1999 Jiji earthquake
Chi-Chi earthquake, also known as the 921 earthquake, was an earthquake in central Taiwan. The earthquake happened on September 21, 1999 at 1:47 am local time (September 20 17:47 GMT). It measured 7.3 on the Richter scale. The epicentre of the earthquake was at in Chichi Township of Nantou County, about 12.5 km west of the Sun Moon Lake. The depth of the epicenter was 7.0 km.
|UTC time||1999-09-20 17:47:16|
|Local date||21 September 1999|
|Local time||01:47:12 local time|
|Magnitude||7.6–7.7 Mw / 7.3 ML|
|Depth||33 km (20.5 mi)|
|Epicenter||Jiji, Nantou, Taiwan|
|Peak acceleration||1.92 g|
|Peak velocity||184.58 cm/s|
51,711 buildings destroyed
53,768 buildings damaged
The earthquake caused much damage, according to the National Fire Agency, Ministry of the Interior R.O.C. This damage included:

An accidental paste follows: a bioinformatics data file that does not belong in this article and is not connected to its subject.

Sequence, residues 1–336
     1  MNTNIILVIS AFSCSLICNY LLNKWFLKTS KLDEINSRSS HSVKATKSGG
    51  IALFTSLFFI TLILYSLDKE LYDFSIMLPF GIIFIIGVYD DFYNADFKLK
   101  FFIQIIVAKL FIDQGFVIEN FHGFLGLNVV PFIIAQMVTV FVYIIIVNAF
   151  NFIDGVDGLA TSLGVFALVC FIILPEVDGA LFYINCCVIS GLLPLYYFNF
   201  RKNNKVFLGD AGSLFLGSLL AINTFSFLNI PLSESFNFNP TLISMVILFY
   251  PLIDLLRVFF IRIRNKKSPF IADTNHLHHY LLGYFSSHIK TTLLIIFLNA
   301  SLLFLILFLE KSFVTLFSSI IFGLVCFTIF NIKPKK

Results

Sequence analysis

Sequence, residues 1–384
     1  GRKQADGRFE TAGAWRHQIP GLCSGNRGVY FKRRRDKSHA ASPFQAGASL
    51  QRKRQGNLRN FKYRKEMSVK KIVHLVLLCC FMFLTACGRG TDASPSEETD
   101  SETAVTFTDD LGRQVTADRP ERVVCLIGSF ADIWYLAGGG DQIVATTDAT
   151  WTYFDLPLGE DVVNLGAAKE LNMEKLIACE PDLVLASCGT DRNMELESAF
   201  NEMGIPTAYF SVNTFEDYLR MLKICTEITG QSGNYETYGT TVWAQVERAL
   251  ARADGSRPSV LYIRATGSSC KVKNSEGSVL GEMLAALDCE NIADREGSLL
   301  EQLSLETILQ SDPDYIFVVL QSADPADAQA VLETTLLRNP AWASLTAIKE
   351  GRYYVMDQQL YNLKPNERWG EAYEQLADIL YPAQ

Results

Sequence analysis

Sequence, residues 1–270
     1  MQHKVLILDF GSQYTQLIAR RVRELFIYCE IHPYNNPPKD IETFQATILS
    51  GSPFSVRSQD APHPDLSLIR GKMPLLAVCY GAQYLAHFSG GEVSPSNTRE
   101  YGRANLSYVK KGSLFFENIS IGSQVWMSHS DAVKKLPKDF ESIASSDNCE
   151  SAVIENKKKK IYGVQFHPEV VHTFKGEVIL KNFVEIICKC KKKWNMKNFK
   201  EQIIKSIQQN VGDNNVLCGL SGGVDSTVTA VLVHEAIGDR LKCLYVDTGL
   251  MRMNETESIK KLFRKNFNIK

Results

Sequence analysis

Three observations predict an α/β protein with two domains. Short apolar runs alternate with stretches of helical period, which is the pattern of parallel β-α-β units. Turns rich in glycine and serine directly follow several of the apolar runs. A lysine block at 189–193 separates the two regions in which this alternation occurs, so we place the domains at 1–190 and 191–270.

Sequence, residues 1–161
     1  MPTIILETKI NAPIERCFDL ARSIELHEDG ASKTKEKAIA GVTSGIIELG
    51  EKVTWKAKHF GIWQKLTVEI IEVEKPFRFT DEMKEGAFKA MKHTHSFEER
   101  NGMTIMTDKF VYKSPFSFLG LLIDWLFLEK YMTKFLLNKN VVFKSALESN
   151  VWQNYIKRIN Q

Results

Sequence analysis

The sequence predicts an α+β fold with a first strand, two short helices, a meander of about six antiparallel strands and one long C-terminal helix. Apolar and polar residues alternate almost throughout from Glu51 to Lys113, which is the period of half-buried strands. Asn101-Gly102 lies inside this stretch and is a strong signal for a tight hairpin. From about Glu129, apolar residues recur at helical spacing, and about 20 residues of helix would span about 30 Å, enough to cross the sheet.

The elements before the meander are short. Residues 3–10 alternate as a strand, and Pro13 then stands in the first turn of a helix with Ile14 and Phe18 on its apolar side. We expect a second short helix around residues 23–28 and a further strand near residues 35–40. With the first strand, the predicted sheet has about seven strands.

- 2,416 people died or were never found
- 11,441 people were badly hurt
- US$9.2 billion worth of damage
- 44,338 houses were completely destroyed
- 41,336 houses were badly damaged
The earthquake continued to shake Taiwan throughout the night. People tell stories about a house that was not destroyed but moved by the earthquake from one county to another. The story says that because of this, the owners of the house had to change their address.
The epicenter of the earthquake was Chichi Township. The 921 Earthquake happened along the Chelungpu fault line in western part of the island of Taiwan. The fault is located along the foothills of the Central Mountains in Nantou and Taichung counties. Some sections of land near the fault were changed in elevation by as much as 7 meters (23 feet). Near the northern end of the fault line, a 7-meter tall waterfall was created by the earthquake. In the middle-western part of the island, bridges were destroyed. This stopped traffic for weeks.
In Wufeng, a village in southern Taichung County, the damage was very bad. The village's Guangfu High School was located on the fault line. It was badly damaged by the quake. Today the high school is the site of the National Museum of Natural Science's 921 Earthquake Museum of Taiwan.
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